Album Reviews cua: Songs of the Hollow written by Richard Hollingum14 December, 2017 cua – Songs of the HollowSelf Released – 14 October 2017 Well, here I am, in a bit of a quandary. Listening to Songs of the Hollow, the new album by cua, and wondering. Not hard, earnest wondering but enough wondering to spend some time in consideration. Considering what? you may wish to know. Well, it’s not the music itself – that’s very good – its just placing it. I am not one for essential classification. Well not that much. Like most self-respecting music collectors, I do like a certain amount of pigeon-holing if only to inform myself at a later date as to what goes with what. I would also add that although I might subscribe to sub-genres, I don’t head off into sub-sub-genres ad infinitum. However I do like to think where I could place an album and what I might play before or after, either to maintain the ambience or for contrast. And every now and then along comes an album that makes you think – and wonder. cua (with no capitals) are a three-piece band from Ireland who have set their stall out somewhere between the Emerald Isle and the other side of the pond, taking in a few points elsewhere. They describe their music as ‘Atlantean’ referring to this transatlantic connection rather than a mythical submerged classical city. It is easy to see why they do this as they bring together different aspects of different styles – close harmony singing, echoes of West Coast country rock, Irish melodies, southern European bouzouki. In some songs these blends have a clear bias towards one heritage; in others, the blends produce their own sound that adds extra interest. The more American results of the equation comes through in many guises. The Eagles, one of their named influencers, is clearly present in Chest’s Final Beat and in The Somewhere Waltz (think Another Saturday Night with Irish overtones and fiddle). Hollow Men has a definite Simon & Garfunkel pre-Bridge Over Troubled Water feel and Bluegrass seems to be somewhere in Lonely Island. There is even a bit of show tune in Hot Blooded, a number that could be adapted for a jazz blues band. The Irish element is never very far away, often appearing as a lyrical or jaunty refrain between verses or as the middle eight, as in the opening track, Atlantic Cross, which is also a huge clue to what cua are about. A Stone On A Beach is a contemporary take on the Irish ballad. It is not only the musical styles that are varied. The subjects vary from love songs to songs of loss and songs of hope. There are also songs of anger: Waco on the perils of belief, Animals on a brutal assault and The Other Man, an indictment on the trend to say that it’s nothing to do with me, a song made sharper by its a cappella presentation. Kings and Queens provides more echoes of Irish defiance applicable to all. The past is brought up to date when enslavement is not restricted to capture through war but the enslavement due to the actions of the “tea-leaf in the three-piece suit”.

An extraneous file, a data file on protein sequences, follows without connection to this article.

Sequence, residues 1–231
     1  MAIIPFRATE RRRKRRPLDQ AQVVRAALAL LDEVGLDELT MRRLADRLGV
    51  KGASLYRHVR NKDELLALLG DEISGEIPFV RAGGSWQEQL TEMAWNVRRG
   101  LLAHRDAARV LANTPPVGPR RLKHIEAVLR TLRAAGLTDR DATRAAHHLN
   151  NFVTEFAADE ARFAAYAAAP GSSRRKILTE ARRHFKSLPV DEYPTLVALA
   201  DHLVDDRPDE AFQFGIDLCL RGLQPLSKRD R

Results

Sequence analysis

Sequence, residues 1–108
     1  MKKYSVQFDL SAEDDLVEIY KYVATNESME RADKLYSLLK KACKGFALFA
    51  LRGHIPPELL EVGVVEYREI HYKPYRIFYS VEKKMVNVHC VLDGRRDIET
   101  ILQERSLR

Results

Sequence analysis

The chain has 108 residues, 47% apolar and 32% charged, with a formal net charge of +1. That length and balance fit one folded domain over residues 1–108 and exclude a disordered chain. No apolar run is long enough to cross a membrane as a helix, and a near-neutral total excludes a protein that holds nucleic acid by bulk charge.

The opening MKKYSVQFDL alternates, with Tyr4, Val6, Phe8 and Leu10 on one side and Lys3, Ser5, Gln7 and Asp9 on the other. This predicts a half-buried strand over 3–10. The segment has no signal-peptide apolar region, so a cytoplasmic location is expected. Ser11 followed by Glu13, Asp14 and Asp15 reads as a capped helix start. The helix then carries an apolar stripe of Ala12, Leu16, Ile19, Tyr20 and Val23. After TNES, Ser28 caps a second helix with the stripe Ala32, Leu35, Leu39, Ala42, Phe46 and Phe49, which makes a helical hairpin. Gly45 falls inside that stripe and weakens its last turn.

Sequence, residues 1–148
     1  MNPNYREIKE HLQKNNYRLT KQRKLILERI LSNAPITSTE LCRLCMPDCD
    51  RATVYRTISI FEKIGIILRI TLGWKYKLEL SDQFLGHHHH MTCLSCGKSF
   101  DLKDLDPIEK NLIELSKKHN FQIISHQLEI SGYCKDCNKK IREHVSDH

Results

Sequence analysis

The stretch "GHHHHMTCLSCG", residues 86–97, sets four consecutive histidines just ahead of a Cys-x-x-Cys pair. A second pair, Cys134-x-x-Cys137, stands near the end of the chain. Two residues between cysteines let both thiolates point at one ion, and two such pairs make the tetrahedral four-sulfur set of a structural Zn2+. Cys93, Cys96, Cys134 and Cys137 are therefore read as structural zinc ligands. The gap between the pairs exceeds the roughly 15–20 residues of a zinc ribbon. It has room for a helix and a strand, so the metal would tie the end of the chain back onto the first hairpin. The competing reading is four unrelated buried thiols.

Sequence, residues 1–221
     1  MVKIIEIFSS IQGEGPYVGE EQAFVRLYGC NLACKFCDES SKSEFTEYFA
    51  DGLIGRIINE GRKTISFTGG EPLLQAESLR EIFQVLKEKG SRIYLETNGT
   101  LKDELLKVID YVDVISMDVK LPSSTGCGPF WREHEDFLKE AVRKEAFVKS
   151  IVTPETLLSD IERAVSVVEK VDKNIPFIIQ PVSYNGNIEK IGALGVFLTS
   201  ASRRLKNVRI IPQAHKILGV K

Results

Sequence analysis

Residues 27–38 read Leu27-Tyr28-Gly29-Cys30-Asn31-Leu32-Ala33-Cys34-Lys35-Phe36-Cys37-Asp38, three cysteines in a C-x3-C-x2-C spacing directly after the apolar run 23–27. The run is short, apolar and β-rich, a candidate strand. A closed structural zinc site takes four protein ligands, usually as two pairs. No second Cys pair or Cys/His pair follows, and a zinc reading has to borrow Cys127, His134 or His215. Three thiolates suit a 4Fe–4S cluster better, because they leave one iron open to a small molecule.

The only tune on the album is Black Dog. It starts with the promise of a Hungarian czardas but shifts territory slightly into a less frenetic dance, lulling you into a false sense of sedentary movement before it flies off about two-thirds of the way through, leaving you whirling around in circles. The tracks also vary from a cappella to multi-instruments. The violin is not contained to Irish melodies, the guitar at times carries classical overtones, and the percussion is effective yet unobtrusive, holding it all together without overshadowing. Listen to the intro to the last track, Mother Earth, and enjoy the build up as Bouzouki brings in the violin which in turn brings in the guitar. So, back to the wondering. You might think that this album seems disjointed – which it isn’t – or has too much variety – which it doesn’t. What it is, is a reflection of the broad interests of the band, and of us all. Which musician does not take a bit from here, another bit from there? No one ever complained about the George Harrison tracks on basically a Lennon & McCartney album (though I’m not sure about Ringo’s offerings). So I’ve stopped wondering and now simply enjoy Songs of the Hollow, an album of variety and of voices, of echoes and of influences, and of emotions and passions. Order Songs of the Hollow viahttps://www.cuamusic.com/
‘songs of the hollow’ from cua - uncompromising and innovative (February 12, 2018) The point about anything that’s truly ‘different’ is finding that moment when unusual becomes singular rather than strange. The latest album from decidedly different band, cua (in addition to being atypical they’re averse to capital letters) is unlike anything else, indeed it’s reasonable to describe ‘songs of the hollow’ as unique. The instrumental blend is not that radical ... fiddle, guitar, bouzouki ... however the dynamic delivery of those instruments, minutiae of melody, arrangements and three-part harmonies are uncompromising and innovative. There’s obvious folk music styling, beyond that is a mix of influence that interlaces, separates and coalesces to such an extent that you keep hearing snippets of genres from traditional to innovative, moving at such a pace it’s almost impossible to pin down.The more you listen the more you hear ... the roots of heritage, explosions of jazz with bluesy overtones, Eastern Europe mixed with Americana, free-ranging snippets of avant garde, Irish tradition from both sides of the Atlantic, acapella ... there’s a maelstrom of input. From the moment ‘Atlantic Cross’ opens the exceptional mix manifests itself, expands with ‘The Hollow Man’ and further intrigues with the acidic lyrics of ‘The Other Man’, before ‘Chest’s Final Beat’ and the rabid ‘Black Dog’ have you involved in this music. There are 15 tracks on the album each distinctive, different and equally impressive.The album is ‘songs of the hollow’ and cua are John Davidson (fiddle, percussion, vocals) Shane Booth (guitar vocals) and Ros O’Meara (bouzouki, guitar, percussion, vocals) ... and you should look out for both.Website: www.cuamusic.comReview: Tim Carroll [folkwords.com]